The disc (which sits neatly in a pocket on the inside of the back cover) clocks in at about an hour and, for reasons likely lost to history, the recording begins with the introduction “already in progress”. This single CD contains the material on the four original direct to disc live recordings. The sound is surprisingly good.

So whether you just want to hear the performance or want to own this objet d’art in all its glory this is a fine way to introduce yourself or a friend to this unique American genius.

New Depths of Hindustani and Medieval Music in a Debut Album by Composer/Cellist Chris Votek


Microfest Records 22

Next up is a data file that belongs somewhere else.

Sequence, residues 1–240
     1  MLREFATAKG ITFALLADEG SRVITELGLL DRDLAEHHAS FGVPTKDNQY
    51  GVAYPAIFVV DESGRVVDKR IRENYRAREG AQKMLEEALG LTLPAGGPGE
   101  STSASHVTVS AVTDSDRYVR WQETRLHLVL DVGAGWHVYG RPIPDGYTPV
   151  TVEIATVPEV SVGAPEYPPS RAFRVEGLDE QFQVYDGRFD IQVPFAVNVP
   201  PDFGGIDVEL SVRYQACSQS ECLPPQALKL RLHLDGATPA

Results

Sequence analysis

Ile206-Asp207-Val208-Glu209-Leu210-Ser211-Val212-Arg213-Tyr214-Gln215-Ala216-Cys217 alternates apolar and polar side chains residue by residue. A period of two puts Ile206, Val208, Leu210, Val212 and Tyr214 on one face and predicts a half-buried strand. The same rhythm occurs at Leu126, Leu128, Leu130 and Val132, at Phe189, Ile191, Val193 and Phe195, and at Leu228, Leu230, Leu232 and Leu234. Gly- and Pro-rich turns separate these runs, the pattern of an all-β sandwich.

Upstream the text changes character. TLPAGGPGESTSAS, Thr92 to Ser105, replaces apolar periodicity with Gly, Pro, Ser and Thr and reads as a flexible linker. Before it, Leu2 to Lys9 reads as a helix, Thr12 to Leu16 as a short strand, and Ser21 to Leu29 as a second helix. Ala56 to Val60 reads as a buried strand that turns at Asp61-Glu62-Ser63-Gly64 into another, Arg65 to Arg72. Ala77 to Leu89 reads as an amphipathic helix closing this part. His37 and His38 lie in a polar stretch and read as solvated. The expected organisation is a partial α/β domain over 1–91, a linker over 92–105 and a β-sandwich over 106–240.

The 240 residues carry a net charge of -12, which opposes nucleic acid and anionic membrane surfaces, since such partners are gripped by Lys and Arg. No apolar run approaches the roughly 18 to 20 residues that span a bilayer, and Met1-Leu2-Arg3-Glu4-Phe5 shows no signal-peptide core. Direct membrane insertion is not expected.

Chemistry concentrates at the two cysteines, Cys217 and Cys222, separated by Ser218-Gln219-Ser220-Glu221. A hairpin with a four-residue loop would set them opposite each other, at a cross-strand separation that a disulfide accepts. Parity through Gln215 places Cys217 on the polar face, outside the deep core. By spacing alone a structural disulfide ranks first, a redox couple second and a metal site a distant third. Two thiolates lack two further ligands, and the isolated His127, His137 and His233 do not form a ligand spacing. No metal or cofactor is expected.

Though one could cite composers like Mozart and Beethoven having imitated the exotic ethnic music of Turkey and the late nineteenth century fascination with “orientalism”, the actual study of ethnic and non-western musical traditions probably started in earnest with the folk song collecting done by Bela Bartok and Zoltan Kodaly in eastern Europe and similar work by Charles Seeger and the Lomaxes in the United States. The work of Colin McPhee then took the study of ethnic musical traditions into the academic realm. But, for this listener, it was the Yehudi Menuhin collaborations with Ravi Shankar and Alla Rakha that brought non-western musical systems to the public in a big way via the LP record. Hindustani music and dance did not even get any representation in film until Satyajit Ray’s 1958 masterpiece, “The Music Room”.